“The track [‘Congregation’ by the band Low] is there by virtue of the fact that we really liked it on the opening montage and by that point we had decided that we were going to bookend each episode with the same track so having put it at the start we had to try it under the fight at the end,” Roberts explains.

In terms of sound design the main conceptual decision was to make the sonic space inside Devs as otherworldly as possible while making the outside world as natural as possible. This was something Roberts began in the temp.

“My choice of hum for the Devs cube was an element of a throbbing ship engine which sounded fine in my edit suite but had so much low end in it, it played havoc with the music team’s 5.1 speaker system,” he says. “Ultimately, sound designer/ supervising sound editor Glenn Freemantle came up with something far more beautiful and interesting but conceptually it followed a similar shape to what we had laid down in terms of delineating the spaces.”

During the period shooting in the U.S., Roberts would upload all the assemblies at the end of each day for Garland and producers Andrew Macdonald and Allon Reich to view. “This openness and trust between director and producer is quite unusual in my experience but a really refreshing way to work,” he says.

Once the shoot moved to Ealing, Roberts and Garland began to form a relationship. “The three months of studio work were essential as it not only allowed Alex and I to become much closer – and therefore I was far better equipped to deliver him what he was after – but more importantly he was able to become really familiar with the material. While he still had so much to shoot, he was able to learn what was working. By the time the shoot left for Manchester we had fairly thoroughly gone through every episode and had a pretty solid framework to plug the Devs scenes into. It pre-empted so many of the issues that first assemblies are often beset by.”

With the exception of the opening montages the only places the story moves [backward or forward] are when the characters use the Devs computer to look either at the past or the future. Episode 5, however, is structured almost entirely as a series of time shifts and was the first thing tackled in the edit.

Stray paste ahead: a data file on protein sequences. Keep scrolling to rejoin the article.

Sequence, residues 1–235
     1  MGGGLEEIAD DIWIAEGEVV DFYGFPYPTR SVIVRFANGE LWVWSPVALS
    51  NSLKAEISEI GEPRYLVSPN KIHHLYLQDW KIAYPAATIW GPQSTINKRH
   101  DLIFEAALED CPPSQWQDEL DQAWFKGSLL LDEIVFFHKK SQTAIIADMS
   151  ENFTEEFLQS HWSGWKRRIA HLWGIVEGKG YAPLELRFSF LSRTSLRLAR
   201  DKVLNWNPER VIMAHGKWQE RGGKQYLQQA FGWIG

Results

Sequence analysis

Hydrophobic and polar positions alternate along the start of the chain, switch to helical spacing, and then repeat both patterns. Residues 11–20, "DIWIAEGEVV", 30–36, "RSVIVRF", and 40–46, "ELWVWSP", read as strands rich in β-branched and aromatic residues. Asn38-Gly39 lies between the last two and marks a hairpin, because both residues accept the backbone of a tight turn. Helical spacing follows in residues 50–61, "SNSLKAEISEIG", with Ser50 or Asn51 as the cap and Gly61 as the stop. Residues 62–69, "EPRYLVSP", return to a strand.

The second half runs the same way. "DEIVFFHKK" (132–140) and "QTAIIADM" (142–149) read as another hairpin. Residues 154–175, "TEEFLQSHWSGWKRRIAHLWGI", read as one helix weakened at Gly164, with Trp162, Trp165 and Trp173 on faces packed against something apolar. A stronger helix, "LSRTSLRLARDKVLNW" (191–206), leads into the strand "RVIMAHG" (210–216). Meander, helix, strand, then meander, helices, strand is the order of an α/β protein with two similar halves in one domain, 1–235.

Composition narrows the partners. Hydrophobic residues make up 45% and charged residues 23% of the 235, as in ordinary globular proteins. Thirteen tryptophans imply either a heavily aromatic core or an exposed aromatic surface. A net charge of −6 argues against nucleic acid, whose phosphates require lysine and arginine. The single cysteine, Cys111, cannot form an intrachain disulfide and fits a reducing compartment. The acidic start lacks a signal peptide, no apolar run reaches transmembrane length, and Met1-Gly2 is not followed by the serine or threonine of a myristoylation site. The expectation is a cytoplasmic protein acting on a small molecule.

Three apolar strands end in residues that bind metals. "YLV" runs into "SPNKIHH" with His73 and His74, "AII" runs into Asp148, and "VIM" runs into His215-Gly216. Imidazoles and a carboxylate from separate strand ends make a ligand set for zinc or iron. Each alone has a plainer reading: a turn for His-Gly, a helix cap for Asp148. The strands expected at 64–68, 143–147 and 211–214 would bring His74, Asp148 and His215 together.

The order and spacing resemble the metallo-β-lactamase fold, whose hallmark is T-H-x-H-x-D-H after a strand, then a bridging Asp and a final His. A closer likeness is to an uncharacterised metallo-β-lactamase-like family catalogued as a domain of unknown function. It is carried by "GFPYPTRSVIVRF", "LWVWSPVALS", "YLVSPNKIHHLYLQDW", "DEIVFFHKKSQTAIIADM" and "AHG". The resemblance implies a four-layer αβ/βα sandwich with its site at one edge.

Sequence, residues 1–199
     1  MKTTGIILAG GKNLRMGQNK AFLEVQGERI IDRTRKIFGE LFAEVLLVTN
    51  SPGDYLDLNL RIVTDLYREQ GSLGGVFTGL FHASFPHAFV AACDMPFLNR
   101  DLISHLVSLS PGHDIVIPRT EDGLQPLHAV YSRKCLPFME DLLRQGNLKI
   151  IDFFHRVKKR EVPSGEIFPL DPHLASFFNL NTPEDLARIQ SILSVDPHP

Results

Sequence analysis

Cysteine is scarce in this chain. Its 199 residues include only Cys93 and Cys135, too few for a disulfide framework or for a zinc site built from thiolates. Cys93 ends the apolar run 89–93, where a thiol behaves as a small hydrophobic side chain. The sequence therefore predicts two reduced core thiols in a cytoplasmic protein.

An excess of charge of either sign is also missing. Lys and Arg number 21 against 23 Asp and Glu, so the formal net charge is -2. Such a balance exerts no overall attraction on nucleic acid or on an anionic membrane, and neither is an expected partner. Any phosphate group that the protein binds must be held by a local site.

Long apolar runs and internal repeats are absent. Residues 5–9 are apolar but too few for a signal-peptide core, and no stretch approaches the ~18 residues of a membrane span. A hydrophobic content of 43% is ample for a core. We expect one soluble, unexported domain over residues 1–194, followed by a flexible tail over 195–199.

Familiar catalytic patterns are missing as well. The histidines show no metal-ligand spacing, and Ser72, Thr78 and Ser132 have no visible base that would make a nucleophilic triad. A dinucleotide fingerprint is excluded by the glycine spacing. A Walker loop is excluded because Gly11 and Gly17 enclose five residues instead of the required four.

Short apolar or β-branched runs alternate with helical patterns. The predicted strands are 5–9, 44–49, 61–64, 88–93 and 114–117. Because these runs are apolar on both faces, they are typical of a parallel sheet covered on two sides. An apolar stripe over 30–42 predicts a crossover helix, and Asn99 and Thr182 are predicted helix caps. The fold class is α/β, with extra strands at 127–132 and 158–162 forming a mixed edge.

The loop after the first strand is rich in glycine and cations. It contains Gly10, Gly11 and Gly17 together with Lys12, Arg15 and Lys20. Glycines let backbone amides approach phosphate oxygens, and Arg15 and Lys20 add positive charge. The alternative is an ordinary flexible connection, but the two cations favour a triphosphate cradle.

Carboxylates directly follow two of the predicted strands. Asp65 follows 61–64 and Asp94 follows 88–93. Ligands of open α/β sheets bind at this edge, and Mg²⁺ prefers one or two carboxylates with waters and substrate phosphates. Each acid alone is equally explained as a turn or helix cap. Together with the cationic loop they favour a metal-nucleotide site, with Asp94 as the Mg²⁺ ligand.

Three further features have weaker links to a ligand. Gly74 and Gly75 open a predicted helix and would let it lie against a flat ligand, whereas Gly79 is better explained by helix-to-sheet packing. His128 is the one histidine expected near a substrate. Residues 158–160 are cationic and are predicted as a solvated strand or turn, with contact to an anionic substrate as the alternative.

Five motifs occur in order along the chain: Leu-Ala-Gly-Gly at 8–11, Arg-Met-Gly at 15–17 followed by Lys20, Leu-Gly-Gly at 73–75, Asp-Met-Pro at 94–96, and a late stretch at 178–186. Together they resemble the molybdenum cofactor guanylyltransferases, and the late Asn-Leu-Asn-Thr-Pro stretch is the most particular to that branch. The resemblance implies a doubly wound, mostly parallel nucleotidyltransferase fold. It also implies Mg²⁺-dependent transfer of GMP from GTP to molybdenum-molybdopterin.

“The scene order we settled on is very different to the scripted one and is actually much more linear in that we tend to jump to the beginning of a story strand and then follow it chronologically before leaping to another one. The script threw you around a lot more but the juxtapositions which felt logical on the page ended up feeling incoherent or disengaging so we simplified it.”

They kept all the episodes unlocked until the final two weeks of post in order to make changes in earlier episodes if choices in later ones informed them – another similarity with feature workflows.

“Alex likes to work by getting the shape exactly right without worrying too much about performance,” Roberts shares. “For months we only really dealt with scene order, length, text cuts and grammatical choices within a scene and then, only once we had that precise framework, did we do another pass and check every performance take but only of that particular shot. It’s a way of not getting too bogged down in the details while you’re still dealing with big picture issues.

“Over the course of the edit I offered up hundreds of suggestions that I thought were pretty good only to have Alex say, ‘That doesn’t work at all.’ That’s not to say he isn’t collaborative – far from it. He’s very open to anyone’s positive input. It just has to fall within the spectrum of his very particular taste. This is of course true of every director, but with Alex it is somehow more definitive.”

Roberts acknowledges his “wonderful” assistants Jens Baylis and Sam Shelton, and “a very diligent and dedicated additional editor Erline O’Donovan-Clarke, without whom it wouldn’t have been possible to get it all done in the time.”

He adds, “The biggest factor that allowed us to cover more ground was that we were never under pressure to cut significant amounts of time out of the episodes. We had eight 40-page scripts that were allowed to be anything from 40 to 60 minutes long and a channel that [was] happy for Alex to fulfill his artistic intention.”